Glasgow, so much to answer for. Once rated by the UN as the most dangerous city in the world, shunned by bum-bagged Yankee tourists for Edinburgh’s tranquil reposes, it sits like a dark turd on the pavement of Scotland’s tourist dollars.
Or so it might seem. If your experience of the city is borne of the travelogues of ‘experts’ whose knowledge comes from a single night in a dodgy TravelLodge on the banks of the Clyde, you’re probably nodding in agreement as you simultaneously finger your pepper spray.
In reality, Glasgow is a vibrant post-industrial city that knows how to make the most of its past; in particular, taking warehouses made empty by the drop in traditional industry and filling them full of gurning clubbers. And there are few success stories in the city that exemplify this as well as Orde Meikle and Stuart McMillan’s, the two DJs that record and play as Slam.
These days, when not running their successful label Soma or playing at The Arches under Glasgow’s Central Station, the boys find time to stick out the odd album. When they’re good, they’re good: 1996’s debut Headstates sounded like it had been cut to acetate straight from a triumphant live set.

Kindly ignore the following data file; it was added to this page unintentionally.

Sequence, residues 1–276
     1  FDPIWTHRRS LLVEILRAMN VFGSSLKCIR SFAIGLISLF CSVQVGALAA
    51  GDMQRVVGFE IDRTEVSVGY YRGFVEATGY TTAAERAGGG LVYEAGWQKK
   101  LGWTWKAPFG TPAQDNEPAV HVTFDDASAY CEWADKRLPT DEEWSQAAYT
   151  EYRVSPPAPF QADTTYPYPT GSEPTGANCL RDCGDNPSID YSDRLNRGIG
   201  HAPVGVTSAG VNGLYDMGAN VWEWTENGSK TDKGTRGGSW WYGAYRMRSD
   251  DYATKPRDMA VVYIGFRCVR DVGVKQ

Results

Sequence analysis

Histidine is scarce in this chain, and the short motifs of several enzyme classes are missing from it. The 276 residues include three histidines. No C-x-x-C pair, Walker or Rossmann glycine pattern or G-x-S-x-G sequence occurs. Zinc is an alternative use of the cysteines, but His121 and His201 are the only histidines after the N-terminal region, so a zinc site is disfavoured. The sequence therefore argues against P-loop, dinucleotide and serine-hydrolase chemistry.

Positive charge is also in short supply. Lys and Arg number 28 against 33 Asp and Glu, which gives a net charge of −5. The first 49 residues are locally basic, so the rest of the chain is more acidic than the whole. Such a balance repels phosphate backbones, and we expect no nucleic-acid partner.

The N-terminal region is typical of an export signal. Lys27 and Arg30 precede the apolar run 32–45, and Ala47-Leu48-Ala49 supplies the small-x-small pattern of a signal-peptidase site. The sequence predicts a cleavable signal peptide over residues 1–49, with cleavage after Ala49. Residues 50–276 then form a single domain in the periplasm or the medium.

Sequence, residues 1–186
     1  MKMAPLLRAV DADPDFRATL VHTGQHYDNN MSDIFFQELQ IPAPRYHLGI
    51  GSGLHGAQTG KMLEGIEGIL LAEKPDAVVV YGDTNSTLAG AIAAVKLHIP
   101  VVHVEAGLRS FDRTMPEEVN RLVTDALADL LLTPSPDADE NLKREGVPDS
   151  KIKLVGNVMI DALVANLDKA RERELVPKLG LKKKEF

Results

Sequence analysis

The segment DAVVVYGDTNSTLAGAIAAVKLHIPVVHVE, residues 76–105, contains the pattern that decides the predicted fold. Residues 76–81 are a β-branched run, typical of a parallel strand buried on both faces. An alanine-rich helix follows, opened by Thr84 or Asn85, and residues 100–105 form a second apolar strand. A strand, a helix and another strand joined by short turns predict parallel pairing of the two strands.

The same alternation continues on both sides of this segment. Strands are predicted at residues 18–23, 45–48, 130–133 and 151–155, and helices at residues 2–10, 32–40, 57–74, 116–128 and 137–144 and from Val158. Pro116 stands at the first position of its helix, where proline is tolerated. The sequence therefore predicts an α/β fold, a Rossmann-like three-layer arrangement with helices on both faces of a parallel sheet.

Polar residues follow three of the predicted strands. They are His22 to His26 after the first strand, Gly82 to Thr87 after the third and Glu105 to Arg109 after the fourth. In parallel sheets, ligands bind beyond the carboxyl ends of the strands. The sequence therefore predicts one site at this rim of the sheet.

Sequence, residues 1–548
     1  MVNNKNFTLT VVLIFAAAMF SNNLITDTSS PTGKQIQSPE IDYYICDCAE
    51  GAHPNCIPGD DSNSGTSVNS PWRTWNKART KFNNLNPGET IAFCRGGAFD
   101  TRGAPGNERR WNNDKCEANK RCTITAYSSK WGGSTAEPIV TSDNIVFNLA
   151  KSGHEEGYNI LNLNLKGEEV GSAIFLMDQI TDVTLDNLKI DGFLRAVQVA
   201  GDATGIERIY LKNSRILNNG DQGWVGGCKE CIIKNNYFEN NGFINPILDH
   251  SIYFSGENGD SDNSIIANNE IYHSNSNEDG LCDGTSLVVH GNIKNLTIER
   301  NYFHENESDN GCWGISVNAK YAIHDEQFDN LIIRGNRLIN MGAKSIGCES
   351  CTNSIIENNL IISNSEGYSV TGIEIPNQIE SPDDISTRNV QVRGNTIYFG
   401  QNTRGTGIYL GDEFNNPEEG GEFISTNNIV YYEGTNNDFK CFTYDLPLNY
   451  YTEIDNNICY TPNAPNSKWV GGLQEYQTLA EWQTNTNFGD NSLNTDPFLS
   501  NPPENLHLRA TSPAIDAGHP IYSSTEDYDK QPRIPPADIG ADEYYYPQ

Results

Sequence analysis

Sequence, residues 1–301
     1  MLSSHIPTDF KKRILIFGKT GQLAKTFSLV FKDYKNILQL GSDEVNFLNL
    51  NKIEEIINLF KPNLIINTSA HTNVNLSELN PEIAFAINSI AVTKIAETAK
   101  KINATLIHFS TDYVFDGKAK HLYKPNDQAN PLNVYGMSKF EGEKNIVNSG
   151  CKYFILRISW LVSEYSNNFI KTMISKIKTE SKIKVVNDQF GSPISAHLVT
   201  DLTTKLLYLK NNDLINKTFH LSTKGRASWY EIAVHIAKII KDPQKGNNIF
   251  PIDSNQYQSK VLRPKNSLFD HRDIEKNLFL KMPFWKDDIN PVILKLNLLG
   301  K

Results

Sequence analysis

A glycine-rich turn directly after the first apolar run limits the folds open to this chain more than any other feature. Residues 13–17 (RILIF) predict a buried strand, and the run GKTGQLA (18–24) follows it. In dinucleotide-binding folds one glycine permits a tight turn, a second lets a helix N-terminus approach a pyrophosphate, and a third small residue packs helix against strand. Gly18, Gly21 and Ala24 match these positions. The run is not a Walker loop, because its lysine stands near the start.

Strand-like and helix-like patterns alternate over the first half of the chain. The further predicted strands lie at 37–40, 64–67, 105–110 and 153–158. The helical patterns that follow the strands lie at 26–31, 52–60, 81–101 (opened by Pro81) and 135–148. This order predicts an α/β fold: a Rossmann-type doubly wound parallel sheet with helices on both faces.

But their follow-ups have all fallen prey to the need to stay relevant while attempting to stick to their original roots in deep, atmospheric techno. It’s a criticism that can be levelled at Human Response, their latest full-player.
While it’s their most consistent since Headstates, it can feel at times like a direct sequel to that disc, rather than a real progression. Don’t get me wrong: in 1997, this disc would have ripped through playsets faster than Keith Richards in a crematorium. But in 2007, Human Response can sound rather like an old Warp Artificial Intelligence collection.
Expect quality, old-skool techno, then, rather than the great leap forward that the better tracks from their lesser albums teased us with.